California residents who overwater their lawns or hose down their cars without a shut-off nozzle may soon face a $500-per-day fine. The State Water Resources Control Board proposed new regulations on Wednesday to crack down on excess water use. The board is set to consider the proposal on July 15. We discuss the drought and proposed fines.
In his new book "American Catch," author Paul Greenberg reveals how the U.S. imports about 90 percent of the seafood we eat, even though we control more ocean than any other country in the world. Why is some of the best seafood caught in U.S. waters ending up on dinner tables in Asia? What are the implications for the environment and the future of U.S. fisheries? What can consumers do to change what seems like a crazy equation of exchanging our fish for lower-quality seafood from Asia?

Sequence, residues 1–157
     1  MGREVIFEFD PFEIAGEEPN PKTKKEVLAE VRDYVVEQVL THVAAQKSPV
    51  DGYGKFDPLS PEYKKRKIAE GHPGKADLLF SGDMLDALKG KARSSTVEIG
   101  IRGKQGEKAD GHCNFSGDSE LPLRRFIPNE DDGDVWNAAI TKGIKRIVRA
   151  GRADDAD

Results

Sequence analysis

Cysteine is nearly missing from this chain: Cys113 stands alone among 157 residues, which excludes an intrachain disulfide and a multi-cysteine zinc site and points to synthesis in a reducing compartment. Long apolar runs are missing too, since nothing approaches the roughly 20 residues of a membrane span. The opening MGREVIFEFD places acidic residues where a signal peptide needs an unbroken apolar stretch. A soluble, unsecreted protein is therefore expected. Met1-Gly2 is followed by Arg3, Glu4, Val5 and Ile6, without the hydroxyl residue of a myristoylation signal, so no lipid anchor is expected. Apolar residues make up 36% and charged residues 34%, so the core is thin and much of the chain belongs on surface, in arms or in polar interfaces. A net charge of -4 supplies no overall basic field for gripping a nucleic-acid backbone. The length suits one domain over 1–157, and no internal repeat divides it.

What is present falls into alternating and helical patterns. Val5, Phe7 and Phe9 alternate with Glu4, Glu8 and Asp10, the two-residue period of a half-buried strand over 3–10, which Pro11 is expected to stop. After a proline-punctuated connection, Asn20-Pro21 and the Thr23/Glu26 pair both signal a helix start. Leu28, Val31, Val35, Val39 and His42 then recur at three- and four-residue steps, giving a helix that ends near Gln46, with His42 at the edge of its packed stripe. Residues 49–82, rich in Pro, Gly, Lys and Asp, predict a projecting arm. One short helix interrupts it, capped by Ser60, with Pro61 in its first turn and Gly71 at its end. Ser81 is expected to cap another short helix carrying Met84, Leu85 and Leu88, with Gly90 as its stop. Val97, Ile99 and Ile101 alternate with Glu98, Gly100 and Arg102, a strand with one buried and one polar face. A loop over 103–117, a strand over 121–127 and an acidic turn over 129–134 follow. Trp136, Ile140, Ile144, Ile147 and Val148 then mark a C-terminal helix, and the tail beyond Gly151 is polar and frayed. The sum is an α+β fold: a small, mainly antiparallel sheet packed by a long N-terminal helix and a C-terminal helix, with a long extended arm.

"Make it a Quickie." That's the slogan for the San Francisco water agency's new ad campaign promoting shorter showers, a response to the ongoing drought crisis. But a recent state survey suggests Californians aren't yet heeding Gov. Jerry Brown's call to conserve. State residents have reduced water use by just 5 percent, substantially less than the 20 percent Brown has requested. For Bay Area residents, the number is only 2 percent. Is voluntary conservation enough, especially if the drought continues into the next year?